• HTTP is getting its first upgrade since 1999. Here’s what you can expect

    While the web has gone through a lot of changes since it first came into existence in the early 1990s, the fundamental tech behind it hasn't changed since 1999. That's until now with the introduction of a fresh new upgrade to HTTP 2.0 (Hypertext Transfer Protocol), spelling faster page loads, more mobile-friendly and more encryption. HTTP is a big deal. It's the application that makes the web what it is -- enabling the transferring of packets of data between the user (your browser) and the server host (the website). Before recently confirming that the second version of HTTP, Mark Notingham --...

  • Liquid Telecom secures $150m funding for Africa-wide fiber network expansion

    Independent data, voice and IP provider Liquid Telecom Group has announced it has secured additional funding totalling US$150-million to finance the expansion of its fiber network to more locations in Africa. The fund was facilitated by Standard Chartered and provided by large global investment banks. Over a period of about five years, the company says it built what it calls the largest independent cross-border fiber network in Africa -- which spans more than 18 000km and connects a total of 15 countries in East and Central Africa. The additional fund, Liquid Telecom says, will be spent on the extension of...

  • BlackBerry says apps should work on all mobile operating systems

    Do you ever feel limited by your Apple, Android or Microsoft ecosystem? Well, you're not alone. BlackBerry CEO John Chen feels that exclusive applications and content for different mobile operating systems are discriminatory, and should thus cater for all ecosystems if true net neutrality is to be achieved. In a blog post Chen uses the analogy of a train system, saying that most of the discussion involving net neutrality focuses on the carriers which represents the tracks. The railway cars, Chen argues, are operated by content and applications. Neutrality legislation must take a "holistic view", he says. If we are...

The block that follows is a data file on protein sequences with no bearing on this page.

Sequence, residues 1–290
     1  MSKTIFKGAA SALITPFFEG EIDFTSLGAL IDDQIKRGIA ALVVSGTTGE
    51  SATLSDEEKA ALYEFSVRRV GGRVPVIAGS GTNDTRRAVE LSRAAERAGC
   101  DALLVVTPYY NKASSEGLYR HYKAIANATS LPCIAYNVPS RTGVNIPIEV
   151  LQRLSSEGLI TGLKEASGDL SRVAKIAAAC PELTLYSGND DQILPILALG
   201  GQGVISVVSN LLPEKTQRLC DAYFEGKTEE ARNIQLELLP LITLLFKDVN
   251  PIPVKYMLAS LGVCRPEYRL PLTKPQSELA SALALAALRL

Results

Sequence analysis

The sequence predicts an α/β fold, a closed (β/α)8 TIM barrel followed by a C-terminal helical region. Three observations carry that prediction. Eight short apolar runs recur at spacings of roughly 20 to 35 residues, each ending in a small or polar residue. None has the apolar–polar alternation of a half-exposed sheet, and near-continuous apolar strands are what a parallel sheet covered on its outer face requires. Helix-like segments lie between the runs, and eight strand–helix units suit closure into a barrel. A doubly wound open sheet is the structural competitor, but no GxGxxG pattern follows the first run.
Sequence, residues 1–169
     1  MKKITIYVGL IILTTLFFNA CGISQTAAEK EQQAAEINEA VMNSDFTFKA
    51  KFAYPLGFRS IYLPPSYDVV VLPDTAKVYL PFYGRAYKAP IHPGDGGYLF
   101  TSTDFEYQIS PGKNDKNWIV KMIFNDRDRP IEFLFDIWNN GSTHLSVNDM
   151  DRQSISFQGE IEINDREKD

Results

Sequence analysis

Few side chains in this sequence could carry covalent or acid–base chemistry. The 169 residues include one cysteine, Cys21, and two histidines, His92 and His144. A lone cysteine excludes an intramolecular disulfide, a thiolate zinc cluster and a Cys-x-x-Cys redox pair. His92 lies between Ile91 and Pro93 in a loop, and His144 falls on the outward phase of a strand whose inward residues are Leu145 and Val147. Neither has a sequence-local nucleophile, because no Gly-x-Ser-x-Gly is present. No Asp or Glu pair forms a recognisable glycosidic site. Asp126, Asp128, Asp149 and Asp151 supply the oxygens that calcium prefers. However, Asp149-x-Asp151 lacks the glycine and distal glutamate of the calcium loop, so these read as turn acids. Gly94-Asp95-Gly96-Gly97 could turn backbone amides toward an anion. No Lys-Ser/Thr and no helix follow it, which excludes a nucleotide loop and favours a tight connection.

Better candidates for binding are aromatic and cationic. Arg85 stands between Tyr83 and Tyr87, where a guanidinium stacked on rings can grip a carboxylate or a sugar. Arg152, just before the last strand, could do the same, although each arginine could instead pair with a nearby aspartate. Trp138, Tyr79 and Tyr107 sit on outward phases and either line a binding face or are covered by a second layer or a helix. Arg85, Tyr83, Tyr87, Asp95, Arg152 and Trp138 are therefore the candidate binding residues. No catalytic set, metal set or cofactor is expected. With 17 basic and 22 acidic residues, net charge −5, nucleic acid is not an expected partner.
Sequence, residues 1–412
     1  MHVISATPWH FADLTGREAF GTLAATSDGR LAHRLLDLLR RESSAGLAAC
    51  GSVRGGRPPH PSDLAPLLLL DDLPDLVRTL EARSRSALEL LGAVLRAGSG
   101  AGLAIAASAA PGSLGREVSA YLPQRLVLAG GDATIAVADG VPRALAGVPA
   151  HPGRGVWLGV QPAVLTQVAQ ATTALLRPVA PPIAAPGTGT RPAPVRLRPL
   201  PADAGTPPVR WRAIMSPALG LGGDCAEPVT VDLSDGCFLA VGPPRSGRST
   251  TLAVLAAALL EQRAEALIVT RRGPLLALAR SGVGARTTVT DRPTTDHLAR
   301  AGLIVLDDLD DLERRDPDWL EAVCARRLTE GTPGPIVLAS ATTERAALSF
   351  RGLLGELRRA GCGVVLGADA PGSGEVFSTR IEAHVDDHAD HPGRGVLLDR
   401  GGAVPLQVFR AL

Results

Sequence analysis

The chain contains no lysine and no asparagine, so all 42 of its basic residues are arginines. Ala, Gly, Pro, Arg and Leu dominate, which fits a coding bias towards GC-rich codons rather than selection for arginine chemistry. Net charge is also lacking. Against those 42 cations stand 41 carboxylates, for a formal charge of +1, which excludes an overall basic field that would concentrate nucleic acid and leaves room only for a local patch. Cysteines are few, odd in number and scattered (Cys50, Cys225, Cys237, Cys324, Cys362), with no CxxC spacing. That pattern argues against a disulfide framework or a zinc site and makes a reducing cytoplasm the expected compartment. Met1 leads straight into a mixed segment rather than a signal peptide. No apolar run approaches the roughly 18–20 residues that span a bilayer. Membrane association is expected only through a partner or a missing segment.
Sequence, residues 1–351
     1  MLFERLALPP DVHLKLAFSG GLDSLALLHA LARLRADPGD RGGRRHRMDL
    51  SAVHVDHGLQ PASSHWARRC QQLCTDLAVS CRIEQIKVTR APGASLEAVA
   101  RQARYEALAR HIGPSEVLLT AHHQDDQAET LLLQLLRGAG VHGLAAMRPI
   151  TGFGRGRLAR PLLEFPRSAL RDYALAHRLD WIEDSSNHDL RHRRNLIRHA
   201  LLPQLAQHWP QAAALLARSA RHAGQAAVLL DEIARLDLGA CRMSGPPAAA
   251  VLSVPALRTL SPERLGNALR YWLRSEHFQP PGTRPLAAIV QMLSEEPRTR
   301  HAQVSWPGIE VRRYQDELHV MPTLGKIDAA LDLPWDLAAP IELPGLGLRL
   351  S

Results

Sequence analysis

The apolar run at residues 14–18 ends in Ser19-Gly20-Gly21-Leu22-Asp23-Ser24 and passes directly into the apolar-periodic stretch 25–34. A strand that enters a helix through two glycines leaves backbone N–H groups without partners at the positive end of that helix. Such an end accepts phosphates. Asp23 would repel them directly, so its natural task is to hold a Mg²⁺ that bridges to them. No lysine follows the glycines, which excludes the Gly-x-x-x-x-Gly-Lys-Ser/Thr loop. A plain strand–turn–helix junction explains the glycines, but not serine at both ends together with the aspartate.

• One sixth of Europeans say they’ve never used the internet

    From where you stand, it might seem like everyone in your sight is either chatting, updating a status update, tweeting or sharing a picture but elsewhere there are people to whom the word Internet means nothing. According to the latest annual survey from Eurostat, the European Union’s statistics offices, as much as one in five Europeans aged 16 to 74 have still never used the internet. Eighteen percent of people surveyed answered "never" to the question “When did you last use the Internet?” down from 43% in 2006. The drop is mostly down to the widespread use of smartphones...

  • Orange wants to bridge SA’s digital divide with free WiFi initiative

    Free WiFi services seem to be proliferating in South Africa, with startups like Project Isizwe and telecoms like Orange stepping up to connect the country's citizens. French telecommunications service provider Orange, in partnership with the City of Cape Town, is planning to launch its new Orange WiFi service, which will be offered to people living in Khayelitsha and Mitchells Plain. The partnership was announced earlier today at an official address by the Mayor of the City of Cape Town. Khayelitsha and Mitchell’s Plain were chosen by Orange as part of its plan to connect people who cannot afford the cost of data. "What we...